Saturday, September 6, 2008

Back In The Saddle

During a late night discussion with a friend and the subject of love our topic, it became obvious that each of us shared at least a few similar painful past experiences as well as a couple of insecurities. While our stories were different, the end result the same... we both have had relationships that didn't work out and left some residual heartache, but both agreed we gained much from said relationships and were thankful for the experience and the decisions and choices we've since made as a result from the learning and growth of those previous (deemed) failures. My friend was expressing a modicum of frustration with dates that had been less than honest. The idea being how can one get to know another person if there is a wall of lies between them.

My response was, "I think the wall of lies tells everything you would want to know about that person. Besides, I think it's difficult for many people to be honest with themselves so how could you expect them to be honest with you? How can they possibly show up 'real' in a relationship when they can't/aren't even real within? Even THEY do not know who they are!"

As far as insecurities go, do you know anyone who doesn't have at least a few? I guess it comes down to a simple question... are they willing to get back on the horse?

I was born and raised--for the most part--in Texas. When I was about 9 or 10 we moved out of town on a ranch. Besides the chickens and cows, we also had horses and pigs. Now consider this... prior to this moment in my life I was a city girl. We bought our eggs at the Piggly Wiggley and bacon from the butcher and until that summer didn't know anything about roosters and hens much less birds and bees. But what I did know is my step-father, Butch was his nickname, was a master horseman and to this day I've never seen anyone, short of the Olympic Equestrian Gold Medalists, who could be one with an animal like he could with a horse.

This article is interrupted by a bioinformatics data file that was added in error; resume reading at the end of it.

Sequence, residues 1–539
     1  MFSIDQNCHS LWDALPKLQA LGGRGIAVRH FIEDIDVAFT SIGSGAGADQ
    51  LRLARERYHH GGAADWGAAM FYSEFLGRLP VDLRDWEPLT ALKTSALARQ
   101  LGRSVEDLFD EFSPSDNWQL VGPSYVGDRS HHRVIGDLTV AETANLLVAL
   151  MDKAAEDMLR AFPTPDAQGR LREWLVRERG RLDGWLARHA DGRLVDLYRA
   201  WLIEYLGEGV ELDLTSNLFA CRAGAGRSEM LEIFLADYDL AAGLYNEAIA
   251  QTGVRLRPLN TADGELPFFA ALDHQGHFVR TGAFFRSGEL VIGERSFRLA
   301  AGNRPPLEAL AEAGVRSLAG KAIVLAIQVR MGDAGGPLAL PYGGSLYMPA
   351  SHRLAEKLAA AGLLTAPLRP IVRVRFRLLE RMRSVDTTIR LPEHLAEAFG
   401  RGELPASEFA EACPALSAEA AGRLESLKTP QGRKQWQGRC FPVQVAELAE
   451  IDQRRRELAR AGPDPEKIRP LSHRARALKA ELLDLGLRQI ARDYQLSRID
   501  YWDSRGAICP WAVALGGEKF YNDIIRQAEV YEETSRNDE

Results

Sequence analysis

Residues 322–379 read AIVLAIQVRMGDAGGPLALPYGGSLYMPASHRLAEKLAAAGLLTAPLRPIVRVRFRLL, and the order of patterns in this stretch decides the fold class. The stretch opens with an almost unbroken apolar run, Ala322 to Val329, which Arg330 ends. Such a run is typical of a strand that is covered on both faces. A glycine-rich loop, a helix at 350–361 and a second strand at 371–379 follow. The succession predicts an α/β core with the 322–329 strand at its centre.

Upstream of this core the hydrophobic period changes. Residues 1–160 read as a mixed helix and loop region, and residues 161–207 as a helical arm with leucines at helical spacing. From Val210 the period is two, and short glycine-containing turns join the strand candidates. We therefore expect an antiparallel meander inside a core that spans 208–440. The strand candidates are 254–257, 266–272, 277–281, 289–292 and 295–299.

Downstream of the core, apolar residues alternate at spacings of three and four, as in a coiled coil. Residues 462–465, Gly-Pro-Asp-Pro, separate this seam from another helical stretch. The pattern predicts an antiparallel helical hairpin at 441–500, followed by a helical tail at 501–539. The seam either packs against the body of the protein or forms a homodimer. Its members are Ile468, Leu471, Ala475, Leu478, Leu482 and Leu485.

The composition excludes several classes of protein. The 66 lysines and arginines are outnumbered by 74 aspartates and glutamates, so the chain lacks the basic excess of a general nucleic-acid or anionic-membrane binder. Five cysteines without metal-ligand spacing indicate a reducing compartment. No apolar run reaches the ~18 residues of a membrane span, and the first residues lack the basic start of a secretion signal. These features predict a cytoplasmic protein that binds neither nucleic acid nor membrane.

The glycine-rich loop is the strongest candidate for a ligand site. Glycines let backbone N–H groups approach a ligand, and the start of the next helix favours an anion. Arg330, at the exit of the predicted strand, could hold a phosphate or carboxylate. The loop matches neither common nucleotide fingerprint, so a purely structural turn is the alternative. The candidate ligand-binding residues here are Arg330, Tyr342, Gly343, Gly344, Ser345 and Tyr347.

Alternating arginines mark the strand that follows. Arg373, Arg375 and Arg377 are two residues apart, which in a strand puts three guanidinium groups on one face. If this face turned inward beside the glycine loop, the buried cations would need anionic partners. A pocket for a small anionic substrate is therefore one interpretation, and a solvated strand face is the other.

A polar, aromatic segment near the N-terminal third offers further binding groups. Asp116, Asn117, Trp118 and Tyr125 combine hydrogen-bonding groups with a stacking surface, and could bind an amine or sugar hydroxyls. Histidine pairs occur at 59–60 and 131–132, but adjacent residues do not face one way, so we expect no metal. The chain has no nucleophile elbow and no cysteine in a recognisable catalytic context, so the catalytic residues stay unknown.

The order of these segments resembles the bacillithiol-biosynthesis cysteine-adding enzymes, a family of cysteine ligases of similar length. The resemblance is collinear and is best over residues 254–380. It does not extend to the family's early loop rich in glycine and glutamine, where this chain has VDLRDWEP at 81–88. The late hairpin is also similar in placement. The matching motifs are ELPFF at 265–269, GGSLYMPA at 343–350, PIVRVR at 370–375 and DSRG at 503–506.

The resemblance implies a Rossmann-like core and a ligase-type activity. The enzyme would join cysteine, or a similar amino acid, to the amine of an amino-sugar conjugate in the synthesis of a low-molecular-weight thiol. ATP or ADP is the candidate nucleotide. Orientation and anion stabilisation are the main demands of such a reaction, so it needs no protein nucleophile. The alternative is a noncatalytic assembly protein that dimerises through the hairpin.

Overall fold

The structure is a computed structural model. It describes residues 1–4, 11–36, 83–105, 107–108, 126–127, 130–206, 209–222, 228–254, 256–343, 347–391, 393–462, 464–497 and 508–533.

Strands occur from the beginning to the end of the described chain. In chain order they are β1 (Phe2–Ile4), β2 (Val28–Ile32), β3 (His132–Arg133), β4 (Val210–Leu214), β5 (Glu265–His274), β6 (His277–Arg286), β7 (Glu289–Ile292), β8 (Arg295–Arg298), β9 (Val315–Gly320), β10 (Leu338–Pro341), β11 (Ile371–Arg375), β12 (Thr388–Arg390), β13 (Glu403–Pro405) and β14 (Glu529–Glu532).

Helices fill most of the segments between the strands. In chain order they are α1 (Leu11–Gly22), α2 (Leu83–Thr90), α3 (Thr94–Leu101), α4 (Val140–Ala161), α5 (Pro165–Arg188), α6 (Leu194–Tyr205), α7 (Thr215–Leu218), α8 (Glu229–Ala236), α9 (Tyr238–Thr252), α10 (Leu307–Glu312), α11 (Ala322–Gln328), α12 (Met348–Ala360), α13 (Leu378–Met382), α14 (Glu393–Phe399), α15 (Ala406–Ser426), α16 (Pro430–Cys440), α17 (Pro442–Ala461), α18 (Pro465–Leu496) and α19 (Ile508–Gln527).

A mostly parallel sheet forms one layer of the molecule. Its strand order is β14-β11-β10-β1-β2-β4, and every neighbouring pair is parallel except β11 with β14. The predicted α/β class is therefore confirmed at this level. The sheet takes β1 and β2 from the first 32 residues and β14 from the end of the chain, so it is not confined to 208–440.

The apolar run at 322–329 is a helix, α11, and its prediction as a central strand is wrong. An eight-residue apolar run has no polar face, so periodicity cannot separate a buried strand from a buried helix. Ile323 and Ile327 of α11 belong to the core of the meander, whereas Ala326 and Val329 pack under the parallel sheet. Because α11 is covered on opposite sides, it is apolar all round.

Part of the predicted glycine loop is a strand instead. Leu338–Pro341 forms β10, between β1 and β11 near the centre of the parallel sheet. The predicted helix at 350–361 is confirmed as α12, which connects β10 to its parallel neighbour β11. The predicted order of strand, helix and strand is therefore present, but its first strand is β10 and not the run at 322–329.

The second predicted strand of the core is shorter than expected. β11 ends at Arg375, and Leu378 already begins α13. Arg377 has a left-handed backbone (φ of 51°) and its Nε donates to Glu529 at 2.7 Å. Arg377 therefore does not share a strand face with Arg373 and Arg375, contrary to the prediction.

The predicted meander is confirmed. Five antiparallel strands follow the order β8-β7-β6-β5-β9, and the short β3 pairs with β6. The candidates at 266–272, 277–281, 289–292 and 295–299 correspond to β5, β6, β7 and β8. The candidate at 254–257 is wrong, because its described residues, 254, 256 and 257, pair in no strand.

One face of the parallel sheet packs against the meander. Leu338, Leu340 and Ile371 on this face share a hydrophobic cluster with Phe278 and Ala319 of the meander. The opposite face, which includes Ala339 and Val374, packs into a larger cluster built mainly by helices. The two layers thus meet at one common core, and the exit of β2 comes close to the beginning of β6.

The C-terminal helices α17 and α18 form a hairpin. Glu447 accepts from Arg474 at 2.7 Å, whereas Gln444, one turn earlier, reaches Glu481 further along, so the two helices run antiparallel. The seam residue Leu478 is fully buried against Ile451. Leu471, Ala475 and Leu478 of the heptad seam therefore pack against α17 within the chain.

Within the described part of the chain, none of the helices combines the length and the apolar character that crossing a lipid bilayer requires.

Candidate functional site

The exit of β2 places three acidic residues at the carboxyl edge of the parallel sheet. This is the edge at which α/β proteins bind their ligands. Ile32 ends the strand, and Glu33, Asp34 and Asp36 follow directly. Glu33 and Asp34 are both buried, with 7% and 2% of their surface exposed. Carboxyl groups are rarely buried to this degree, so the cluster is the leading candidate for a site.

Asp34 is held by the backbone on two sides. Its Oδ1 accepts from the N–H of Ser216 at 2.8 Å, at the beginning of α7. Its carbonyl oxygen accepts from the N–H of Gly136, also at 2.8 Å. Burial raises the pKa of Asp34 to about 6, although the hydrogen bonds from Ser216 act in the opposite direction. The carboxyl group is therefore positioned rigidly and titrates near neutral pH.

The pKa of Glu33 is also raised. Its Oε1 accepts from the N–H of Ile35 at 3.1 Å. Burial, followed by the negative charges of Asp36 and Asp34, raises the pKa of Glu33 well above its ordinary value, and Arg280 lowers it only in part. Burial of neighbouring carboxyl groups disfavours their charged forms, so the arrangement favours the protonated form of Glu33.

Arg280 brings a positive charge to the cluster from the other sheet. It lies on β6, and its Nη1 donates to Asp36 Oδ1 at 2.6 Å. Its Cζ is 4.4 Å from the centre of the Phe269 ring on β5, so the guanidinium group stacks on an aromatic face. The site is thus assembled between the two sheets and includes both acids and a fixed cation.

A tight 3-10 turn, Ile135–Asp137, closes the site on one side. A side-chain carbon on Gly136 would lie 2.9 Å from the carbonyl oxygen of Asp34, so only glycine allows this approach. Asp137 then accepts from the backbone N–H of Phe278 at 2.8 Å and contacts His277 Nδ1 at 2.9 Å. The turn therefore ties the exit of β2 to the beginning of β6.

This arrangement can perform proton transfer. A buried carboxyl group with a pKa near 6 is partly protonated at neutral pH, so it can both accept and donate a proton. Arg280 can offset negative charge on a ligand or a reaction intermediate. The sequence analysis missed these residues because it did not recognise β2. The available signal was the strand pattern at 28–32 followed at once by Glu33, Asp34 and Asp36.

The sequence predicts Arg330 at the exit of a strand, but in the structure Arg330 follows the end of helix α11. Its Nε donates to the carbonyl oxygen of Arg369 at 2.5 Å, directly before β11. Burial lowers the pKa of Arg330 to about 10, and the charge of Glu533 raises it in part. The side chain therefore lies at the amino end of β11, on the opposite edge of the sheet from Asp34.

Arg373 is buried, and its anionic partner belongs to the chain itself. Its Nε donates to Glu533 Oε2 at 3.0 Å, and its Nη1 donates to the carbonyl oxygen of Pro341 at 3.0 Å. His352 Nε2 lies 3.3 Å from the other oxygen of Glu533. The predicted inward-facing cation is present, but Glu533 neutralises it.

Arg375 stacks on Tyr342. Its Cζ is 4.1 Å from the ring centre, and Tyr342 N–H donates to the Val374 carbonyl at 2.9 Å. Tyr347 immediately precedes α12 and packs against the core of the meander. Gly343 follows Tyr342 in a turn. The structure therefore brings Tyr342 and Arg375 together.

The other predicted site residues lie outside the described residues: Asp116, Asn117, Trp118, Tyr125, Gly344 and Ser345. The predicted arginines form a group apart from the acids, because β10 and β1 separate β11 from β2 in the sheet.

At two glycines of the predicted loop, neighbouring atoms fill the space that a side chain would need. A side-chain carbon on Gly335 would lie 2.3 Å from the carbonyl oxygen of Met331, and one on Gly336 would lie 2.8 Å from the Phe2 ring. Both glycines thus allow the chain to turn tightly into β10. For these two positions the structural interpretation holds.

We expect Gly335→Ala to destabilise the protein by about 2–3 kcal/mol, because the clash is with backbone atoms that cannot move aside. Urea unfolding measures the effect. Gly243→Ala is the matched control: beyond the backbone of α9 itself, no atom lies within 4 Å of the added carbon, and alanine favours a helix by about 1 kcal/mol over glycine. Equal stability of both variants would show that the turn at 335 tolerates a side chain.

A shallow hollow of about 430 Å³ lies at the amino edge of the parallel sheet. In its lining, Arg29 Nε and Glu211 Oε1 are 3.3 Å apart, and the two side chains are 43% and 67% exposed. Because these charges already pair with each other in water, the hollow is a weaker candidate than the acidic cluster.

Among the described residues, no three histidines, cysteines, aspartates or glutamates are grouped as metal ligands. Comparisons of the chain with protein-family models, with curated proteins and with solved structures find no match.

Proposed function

Well for some crazy reason he was determined that I would be good with horses too. I think he had me pegged as Isabella Bird, or at the least some sort of Rodeo Queen in the Cowgirl Hall of Fame. I rather liked the queen idea as it suited me, but rodeo? Lots of dirt and animal droppings... anyway, one hot summer afternoon Butch decided today was the day he would teach me to ride. Oh I’d ridden before—lots of times—right in front of him on the saddle with the wind blowing in my hair while he danced the horse around the arena. Lovely it was. But this! This was something entirely different. While my uncles and brothers perched the corral fence he plopped me up on this terribly ornery little horse that certainly didn't want to come out of the cool shade in the barn on a hot summer day, much less entertain a fence lined with whoop-em-up would-be cowboys. Nor did it seem did she want the precious future-Rodeo Queen slapped down on her bareback.

Butch seemed oblivious to this obvious scenario as he stood there giving me directions like some military sergeant and I, being green as you put it, trying to remember everything he said.

Back straight!
Head up!
Heels down.
Shoulders square.
Reins tight but comfortable.
Heels into sides of horse
... and whish!

She took off around the corral at a fast gallop. I was barely able to hang on and was so terrified of falling off I hadn’t noticed she’d looped around and was running full throttle for the barn. I looked up just in time to see the barn door as she ran through it and my head collided into it. I fell hard on the dirt and knocked the wind out of myself—my first experience with being unable to breathe. I don’t recall exactly what happened next other than I saw size twelve’s sharp-pointed in my direction and the sergeant shouting orders while I tried to slither away under the fence. But Butch was determined I’d “get back up on er” like a good cowgirl and grabbed me up and plopped me back on. It might have been that day, with dirt grinding between my teeth and the boys all laughing like hyenas on the fence that I decided I wasn’t cut out as the next Panhandle Rodeo Queen, but I’ve been falling on my feet ever since.

So, does one allow their insecurities (fears) to run their life OR are they willing to get real, get vulnerable, and risk the possibility of falling on their face, of being hurt, rejected, and embarrassed OR does one run the risk (quite possibly) of meeting someone really special, of opening to that person, and developing a mutually loving relationship?

Does seem quite simple doesn't it?